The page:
Incorporating meat quality in sheep breeding programmes: potential of non-invasive technologies

NR Lambe, N Clelland, R Roehe, KA McLean, John Gordon, D Evans, L Bunger

    Research output: Contribution to conferencePaperpeer-review


    Genetic selection for sheep meat quality is rare, due to difficulties in measuring these traits within practical breeding programmes. Non-invasive methods to predict lamb meat quality in vivo and post-mortem have been investigated, and results indicate scope for their commercial implementation. UK research has examined relationships between meat quality traits and parameters resulting from x-ray computed tomography (CT) scanning, which is routinely implemented in UK terminal sire breeding. CT is poor at predicting mechanical tenderness in vivo (R2 < 15%), across various sheep populations. However, CT can predict intramuscular fat (IMF) with accuracies ranging from 33-70% in live lambs of different breeds, providing a unique in-vivo predictor of meat quality. In vivo CT-predicted IMF is moderately heritable (h2 0.31) and its genetic control differs from total carcass fat (rg 0.68), suggesting potential for its improvement within a multi-trait selection index. Novel methodologies have also been tested using CT and visible and near-infrared spectroscopy (NIR) to analyse chilled and vacuum-packed meat samples post-mortem, allowing their return to the food chain. Lamb loin cuts from commercial carcasses (n=303), varying in fat and conformation grades, were scanned by CT and NIR in vacuum packs, then tested for IMF, tenderness and by a trained UK taste panel. CT parameters predicted IMF with moderate accuracy (R2 36%), but did not accurately predict shear force or sensory traits. NIR predicted IMF in unpackaged meat with moderate accuracy, but predictions were poor in vacuum-packed meat. Samples predicted by CT as having >3% IMF scored significantly higher for sensory eating quality than those predicted as <3% IMF. Work is underway to incorporate CT-predicted IMF, as a proxy for meat quality, into UK breeding programmes for terminal sire sheep, in which IMF is known to be low as a consequence of selection for lean carcasses.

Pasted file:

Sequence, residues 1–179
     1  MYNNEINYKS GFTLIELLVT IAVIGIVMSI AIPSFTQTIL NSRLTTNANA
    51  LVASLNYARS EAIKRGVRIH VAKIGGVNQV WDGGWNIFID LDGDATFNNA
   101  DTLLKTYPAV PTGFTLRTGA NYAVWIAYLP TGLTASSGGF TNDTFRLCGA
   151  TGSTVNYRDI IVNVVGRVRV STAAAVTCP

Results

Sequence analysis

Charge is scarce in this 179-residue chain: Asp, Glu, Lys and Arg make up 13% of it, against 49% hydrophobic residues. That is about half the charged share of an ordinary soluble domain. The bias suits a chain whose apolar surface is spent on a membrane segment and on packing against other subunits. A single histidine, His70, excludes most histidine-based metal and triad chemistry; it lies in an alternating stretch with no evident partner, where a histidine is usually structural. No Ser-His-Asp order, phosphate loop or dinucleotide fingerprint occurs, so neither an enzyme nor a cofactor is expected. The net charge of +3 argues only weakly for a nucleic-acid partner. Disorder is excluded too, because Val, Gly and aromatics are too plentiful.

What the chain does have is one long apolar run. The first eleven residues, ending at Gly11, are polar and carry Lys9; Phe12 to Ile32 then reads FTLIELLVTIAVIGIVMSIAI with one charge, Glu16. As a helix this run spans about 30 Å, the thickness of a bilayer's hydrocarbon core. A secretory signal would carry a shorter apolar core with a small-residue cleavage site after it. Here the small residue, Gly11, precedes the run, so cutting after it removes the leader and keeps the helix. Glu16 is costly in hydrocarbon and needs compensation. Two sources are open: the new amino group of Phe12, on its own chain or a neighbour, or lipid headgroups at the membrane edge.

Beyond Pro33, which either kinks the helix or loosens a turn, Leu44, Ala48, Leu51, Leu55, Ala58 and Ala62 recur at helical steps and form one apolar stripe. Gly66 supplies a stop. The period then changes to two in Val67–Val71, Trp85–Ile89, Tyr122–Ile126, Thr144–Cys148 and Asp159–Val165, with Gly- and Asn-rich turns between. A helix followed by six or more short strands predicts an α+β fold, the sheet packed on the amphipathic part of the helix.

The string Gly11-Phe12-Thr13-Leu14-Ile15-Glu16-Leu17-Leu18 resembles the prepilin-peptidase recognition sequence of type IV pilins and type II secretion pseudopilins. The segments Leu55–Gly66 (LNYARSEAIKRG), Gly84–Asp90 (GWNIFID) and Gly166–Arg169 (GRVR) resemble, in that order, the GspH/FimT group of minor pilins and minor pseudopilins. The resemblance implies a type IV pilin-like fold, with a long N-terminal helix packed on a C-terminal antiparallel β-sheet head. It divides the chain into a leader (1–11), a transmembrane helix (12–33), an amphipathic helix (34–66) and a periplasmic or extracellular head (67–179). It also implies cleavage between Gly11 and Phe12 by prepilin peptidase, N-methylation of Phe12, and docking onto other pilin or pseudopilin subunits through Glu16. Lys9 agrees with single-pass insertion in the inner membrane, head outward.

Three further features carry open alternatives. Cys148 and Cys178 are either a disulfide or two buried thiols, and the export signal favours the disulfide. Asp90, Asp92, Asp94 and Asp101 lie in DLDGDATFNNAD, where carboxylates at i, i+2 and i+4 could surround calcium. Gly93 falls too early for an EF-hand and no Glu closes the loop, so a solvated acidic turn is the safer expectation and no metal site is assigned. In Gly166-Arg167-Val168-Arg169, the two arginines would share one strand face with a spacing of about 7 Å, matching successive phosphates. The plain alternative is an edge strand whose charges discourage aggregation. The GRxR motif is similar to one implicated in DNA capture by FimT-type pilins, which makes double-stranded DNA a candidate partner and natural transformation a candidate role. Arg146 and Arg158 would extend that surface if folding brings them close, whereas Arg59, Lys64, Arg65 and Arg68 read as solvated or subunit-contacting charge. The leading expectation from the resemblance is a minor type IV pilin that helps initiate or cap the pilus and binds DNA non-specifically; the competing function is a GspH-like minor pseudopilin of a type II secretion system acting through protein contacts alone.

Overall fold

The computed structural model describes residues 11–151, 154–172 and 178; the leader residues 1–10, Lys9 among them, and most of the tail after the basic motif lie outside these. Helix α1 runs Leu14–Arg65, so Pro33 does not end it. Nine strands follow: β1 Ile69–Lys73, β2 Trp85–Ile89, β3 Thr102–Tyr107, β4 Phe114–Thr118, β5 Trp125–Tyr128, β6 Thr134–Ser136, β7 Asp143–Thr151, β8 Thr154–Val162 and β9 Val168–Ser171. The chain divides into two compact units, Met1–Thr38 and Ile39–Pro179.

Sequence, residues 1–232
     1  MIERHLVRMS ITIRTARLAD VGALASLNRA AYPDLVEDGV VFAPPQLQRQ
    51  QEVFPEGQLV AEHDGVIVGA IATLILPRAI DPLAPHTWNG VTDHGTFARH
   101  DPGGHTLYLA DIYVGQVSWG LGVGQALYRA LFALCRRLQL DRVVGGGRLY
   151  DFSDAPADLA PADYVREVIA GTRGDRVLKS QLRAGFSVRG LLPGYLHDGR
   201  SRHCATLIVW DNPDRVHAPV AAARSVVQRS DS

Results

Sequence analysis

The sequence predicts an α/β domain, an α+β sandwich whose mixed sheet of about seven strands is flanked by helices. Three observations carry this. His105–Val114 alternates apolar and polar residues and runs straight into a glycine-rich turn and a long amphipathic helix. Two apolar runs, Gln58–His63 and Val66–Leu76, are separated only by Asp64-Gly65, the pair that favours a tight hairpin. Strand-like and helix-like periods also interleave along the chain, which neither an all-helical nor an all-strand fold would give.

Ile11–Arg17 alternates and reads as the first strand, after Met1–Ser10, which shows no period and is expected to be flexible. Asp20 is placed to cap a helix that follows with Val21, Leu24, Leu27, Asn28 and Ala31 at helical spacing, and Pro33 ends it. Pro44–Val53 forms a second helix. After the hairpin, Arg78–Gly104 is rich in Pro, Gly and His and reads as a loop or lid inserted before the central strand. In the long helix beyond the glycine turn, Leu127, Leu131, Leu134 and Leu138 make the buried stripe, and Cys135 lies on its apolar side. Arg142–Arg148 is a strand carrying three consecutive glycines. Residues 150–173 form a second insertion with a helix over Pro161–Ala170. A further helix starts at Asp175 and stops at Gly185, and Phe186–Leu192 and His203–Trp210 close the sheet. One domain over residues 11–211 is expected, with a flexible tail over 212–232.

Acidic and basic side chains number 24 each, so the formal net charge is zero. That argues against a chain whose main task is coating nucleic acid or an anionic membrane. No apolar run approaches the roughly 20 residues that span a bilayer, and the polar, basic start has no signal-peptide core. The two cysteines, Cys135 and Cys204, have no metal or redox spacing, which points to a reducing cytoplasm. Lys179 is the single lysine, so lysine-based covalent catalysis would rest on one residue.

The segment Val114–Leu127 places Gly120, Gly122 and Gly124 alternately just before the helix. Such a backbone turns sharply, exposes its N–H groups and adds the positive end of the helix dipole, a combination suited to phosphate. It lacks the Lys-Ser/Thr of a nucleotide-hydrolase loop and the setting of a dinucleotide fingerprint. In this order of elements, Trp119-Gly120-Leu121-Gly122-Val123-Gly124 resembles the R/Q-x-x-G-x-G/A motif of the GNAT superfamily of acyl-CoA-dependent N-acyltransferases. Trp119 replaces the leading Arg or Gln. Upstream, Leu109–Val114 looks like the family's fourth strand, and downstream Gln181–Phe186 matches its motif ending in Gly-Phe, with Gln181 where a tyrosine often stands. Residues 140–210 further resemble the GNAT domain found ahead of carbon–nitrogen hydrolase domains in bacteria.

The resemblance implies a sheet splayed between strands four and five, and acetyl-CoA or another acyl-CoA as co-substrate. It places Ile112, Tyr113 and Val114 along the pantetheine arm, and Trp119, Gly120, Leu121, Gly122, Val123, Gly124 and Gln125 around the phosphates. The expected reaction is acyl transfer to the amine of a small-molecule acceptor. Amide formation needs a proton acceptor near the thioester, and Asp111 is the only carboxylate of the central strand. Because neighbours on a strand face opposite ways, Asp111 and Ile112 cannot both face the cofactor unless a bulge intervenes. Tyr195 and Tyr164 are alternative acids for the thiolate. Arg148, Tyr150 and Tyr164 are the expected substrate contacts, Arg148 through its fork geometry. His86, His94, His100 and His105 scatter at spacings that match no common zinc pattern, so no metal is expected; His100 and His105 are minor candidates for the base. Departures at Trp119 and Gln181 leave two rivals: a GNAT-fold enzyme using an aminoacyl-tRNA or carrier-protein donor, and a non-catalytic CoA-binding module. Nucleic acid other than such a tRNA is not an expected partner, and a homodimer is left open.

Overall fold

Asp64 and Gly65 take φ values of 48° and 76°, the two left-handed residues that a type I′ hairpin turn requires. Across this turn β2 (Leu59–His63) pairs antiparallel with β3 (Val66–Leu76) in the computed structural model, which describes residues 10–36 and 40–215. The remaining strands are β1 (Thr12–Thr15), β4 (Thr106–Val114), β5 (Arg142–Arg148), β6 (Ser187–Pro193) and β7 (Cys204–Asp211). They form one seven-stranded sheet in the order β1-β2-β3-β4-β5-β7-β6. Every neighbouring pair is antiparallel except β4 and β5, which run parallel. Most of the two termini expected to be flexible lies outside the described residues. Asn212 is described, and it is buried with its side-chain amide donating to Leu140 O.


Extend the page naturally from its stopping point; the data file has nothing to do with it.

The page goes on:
Original languageEnglish
    Publication statusPrint publication - 2016
    EventAnnual meeting of the European Federation of Animal Science - Belfast, United Kingdom
    Duration: 29 Aug 20162 Sept 2016
    Conference number: 67


    ConferenceAnnual meeting of the European Federation of Animal Science
    Abbreviated titleEAAP
    Country/TerritoryUnited Kingdom
    Internet address


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